We also expect higher sales and marketing cost and continued softness in the fractional market place, offset by above property contingency cost savings. In our guidance, this brings down our time share sales and services net line by $15 million to total between $300 million and $315 million. Our time share segment profit forecast declines by $20 million to between $280 million and $295 million, reflecting more modest craft profit reportability from our joint venture projects.

For the full year we continued to expect to increase contract sales by 15% to 20% as four new projects begin sales in 2008. Contract sales are expected to be particularly strong in the third and fourth quarter. For the second quarter contract sales are expected to increase approximately 5%, constrained by the sell out of existing time share projects. Given the soft economic climate and difficult financing environment, we are currently estimating only about $100 to $150 million in asset sales, with some sales shifting into 2009. As a result we have lowered our estimate for gains by about $10 million.

Finally lower interest rates should lower net interest expense by about $20 million in 2008 compared to our prior forecast. All in all, our new forecast lowers our earnings per share outlook by about $0.02. Before closing, you have heard us talked frequently about our connection to our costumers and associates as well as the plans we have been implementing to remain relevant. Well a little later today I am heading to our green fair here at our headquarters, where our associates can learn about ways so we can be greener at work. We are all very excited and engaged in this effort.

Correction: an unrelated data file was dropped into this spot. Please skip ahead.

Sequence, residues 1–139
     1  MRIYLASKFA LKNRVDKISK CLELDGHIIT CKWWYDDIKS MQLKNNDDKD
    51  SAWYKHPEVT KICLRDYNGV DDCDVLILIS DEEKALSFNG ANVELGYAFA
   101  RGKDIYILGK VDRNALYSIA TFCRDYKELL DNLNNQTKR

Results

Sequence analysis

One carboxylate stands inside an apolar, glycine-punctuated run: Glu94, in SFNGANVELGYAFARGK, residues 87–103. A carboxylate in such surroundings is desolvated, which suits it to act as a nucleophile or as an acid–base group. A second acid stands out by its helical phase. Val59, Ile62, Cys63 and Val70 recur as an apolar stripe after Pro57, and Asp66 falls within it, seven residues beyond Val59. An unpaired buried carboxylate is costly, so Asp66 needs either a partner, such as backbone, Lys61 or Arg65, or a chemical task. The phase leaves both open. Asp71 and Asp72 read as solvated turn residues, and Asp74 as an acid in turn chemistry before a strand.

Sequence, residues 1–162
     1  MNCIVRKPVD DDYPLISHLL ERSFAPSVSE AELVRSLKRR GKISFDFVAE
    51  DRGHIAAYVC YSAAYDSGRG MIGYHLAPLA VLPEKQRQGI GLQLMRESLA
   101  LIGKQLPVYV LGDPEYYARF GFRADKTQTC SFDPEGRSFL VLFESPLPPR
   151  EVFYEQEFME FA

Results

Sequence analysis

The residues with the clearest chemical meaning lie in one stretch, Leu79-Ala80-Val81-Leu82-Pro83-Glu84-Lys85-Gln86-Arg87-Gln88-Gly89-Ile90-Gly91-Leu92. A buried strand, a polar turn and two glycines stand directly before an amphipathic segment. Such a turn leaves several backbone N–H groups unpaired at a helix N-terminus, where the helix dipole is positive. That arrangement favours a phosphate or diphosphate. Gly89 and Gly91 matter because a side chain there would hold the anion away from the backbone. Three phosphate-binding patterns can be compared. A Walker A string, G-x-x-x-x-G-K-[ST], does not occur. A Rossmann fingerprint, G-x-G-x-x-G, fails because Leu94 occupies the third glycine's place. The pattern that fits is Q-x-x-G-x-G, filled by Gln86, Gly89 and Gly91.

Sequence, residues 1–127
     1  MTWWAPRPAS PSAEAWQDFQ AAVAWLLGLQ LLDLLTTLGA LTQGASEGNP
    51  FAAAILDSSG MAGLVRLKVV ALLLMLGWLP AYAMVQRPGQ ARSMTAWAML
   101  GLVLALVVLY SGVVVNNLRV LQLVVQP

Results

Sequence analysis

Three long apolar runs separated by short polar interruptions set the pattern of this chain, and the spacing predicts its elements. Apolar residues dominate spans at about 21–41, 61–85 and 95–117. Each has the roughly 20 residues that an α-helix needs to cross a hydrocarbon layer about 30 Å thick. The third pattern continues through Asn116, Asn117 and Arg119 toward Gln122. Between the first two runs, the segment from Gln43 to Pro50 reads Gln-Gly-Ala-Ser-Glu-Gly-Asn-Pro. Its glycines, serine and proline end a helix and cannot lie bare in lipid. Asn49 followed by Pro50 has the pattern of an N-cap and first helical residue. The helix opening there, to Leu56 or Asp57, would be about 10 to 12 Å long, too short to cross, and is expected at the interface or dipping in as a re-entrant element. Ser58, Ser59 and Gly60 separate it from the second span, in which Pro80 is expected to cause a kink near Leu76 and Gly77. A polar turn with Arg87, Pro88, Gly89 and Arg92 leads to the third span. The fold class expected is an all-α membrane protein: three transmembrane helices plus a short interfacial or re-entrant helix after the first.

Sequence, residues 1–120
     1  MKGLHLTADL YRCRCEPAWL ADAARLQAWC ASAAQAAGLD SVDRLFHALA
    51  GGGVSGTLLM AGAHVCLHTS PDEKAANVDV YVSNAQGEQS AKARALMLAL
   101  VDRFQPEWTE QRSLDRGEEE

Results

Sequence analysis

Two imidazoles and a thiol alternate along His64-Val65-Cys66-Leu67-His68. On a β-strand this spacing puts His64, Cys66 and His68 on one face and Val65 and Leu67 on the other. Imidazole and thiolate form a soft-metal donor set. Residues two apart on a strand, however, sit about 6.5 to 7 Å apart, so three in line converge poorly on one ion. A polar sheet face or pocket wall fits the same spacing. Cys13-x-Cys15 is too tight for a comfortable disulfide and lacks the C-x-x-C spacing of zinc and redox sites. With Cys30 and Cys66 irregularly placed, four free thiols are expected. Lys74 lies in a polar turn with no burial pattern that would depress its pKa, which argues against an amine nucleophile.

Just last week, our company took a very bold step at the Amazonia Exhibit at the National Zoo in Washington. We joined together with the governor of the Brazillian state of Amazonas to announce that we were going to work together to protect 1.4 million acres of the Amazon rain forest—a piece of land just about the size of state of Delaware, this will help us offset our carbon emissions and give us a tool to connect to our customers and allow them to do the same.

The Amazon project is just a one part of an integrated environmental strategy. To us this is leadership, and it is the kind of forward thinking that from Bill Marriott on through our ranks, our company as demonstrated over the years. It is the kind of leadership that we work everyday to bring to our industry, which brings me back to the economy and our business. While we can not know which certainty, which direction the economy or our business will go next month or next year, we do know the economic cycles do have beginnings and ends, tops and bottoms. As we said before, we are especially well position to prosper.